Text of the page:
Ann Arbor (Informed Comment) – One of the most visible manifestations of the climate emergency is heat waves. The earth’s climate is incredibly complex, and climate change can produce freezing “bomb cyclones” as well as unseasonably sweltering weather. Still, the past ten years are the hottest in recorded history on average, and extra heat is being injected into the climate by greenhouse gases like carbon dioxide.
The worst thing about the heat waves that are exacerbated by the climate emergency and by extra carbon dioxide in the atmosphere is that we are only at the beginning of the heating of the earth. Things are going to get much, much worse before they get better.
Thailand can get hot in April. It normally varies from 85° F. (30° C.) to 99° F. (37° C.). But this April temperatures are reaching 104° (40° C.) in the capital of Bangkok, while in the north the mercury 107° F. is expected. That is not just hot. That is hot . The unusually high temperatures are being caused by a heat dome. But we have learned that some percentage of such unusual heat is attributable to climate change. Scientists have discovered that when high temperatures are combined with very high humidity, that combination will kill you dead. Thailand’s humidity is typically 64% in April.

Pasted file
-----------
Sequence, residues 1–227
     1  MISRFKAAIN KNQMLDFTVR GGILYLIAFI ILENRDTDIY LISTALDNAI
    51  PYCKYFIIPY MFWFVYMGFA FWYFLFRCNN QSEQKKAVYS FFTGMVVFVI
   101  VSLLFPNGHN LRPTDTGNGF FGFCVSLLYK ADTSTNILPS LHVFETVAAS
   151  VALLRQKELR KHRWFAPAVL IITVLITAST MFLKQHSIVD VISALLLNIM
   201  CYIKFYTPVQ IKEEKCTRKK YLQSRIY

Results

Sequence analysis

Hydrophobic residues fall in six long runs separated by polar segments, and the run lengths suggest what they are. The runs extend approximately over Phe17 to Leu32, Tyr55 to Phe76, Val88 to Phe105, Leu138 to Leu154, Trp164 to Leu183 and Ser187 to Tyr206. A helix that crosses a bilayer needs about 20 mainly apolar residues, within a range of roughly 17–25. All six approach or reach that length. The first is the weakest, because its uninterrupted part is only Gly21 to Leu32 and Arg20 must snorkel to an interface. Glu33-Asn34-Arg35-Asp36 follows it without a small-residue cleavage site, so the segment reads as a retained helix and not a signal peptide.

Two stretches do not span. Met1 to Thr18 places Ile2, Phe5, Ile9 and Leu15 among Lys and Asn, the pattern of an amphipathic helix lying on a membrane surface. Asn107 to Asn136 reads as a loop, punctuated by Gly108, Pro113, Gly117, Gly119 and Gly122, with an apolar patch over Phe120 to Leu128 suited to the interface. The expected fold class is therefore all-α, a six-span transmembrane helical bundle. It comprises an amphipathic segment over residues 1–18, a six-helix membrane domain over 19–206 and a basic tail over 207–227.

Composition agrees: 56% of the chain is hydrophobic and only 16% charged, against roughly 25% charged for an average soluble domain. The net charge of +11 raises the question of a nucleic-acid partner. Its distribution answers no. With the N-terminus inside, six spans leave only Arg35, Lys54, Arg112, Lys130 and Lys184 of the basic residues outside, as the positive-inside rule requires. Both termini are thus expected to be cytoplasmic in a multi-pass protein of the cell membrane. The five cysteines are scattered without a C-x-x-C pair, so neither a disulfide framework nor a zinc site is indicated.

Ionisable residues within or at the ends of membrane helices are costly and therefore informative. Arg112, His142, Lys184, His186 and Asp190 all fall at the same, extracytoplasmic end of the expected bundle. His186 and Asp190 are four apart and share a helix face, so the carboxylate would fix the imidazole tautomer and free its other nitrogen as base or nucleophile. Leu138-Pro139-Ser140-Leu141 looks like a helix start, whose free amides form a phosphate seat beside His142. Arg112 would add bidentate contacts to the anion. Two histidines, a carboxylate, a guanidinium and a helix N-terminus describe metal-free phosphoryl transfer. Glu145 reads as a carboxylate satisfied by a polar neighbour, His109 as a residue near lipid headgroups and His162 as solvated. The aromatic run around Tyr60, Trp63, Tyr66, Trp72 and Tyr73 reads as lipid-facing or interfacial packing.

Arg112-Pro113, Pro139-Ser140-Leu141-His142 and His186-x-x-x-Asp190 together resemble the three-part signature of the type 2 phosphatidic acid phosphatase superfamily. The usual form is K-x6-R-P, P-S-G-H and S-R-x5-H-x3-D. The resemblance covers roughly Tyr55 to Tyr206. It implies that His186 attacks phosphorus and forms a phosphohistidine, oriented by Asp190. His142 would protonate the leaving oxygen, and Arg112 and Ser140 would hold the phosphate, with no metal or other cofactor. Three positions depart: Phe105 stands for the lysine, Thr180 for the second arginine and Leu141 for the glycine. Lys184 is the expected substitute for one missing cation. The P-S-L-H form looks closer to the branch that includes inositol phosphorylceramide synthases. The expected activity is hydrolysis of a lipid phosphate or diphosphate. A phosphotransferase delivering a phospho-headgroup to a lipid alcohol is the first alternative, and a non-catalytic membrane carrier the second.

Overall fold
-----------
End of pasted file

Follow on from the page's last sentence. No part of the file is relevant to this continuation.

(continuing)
What struck me was that the government’s way of dealing with this problem in Thailand was to order people to stay home. They are in other words encouraged to “shelter in place,” as we did here during the pandemic.
So we are only at the beginning of global heating, and we’re already seeing governments quarantine their citizens.
Bangladesh has also seen a torrid April. Dhaka reached over 105 degrees F., the highest recorded temperature in 60 years. The April heat spike endangers the country’s rice crop.
Then there are Spain and Portugal, which are seeing the kind of heat this April that typically only comes in deep summer. In Cordoba, it hit 101.8 F. (38.8 C.), a new record for this month. Scientists worry about wildfires, and farmers are afraid for their crops.
That is something we may not think about when we hear the phrase “global heating.” But one of its implications is that global food production could fall substantially.
Climate change, which is caused high amounts of carbon dioxide in the atmosphere, turbocharges heat waves. For instance the drought and famine in East Africa in recent decades was made 100 times more likely by global heating.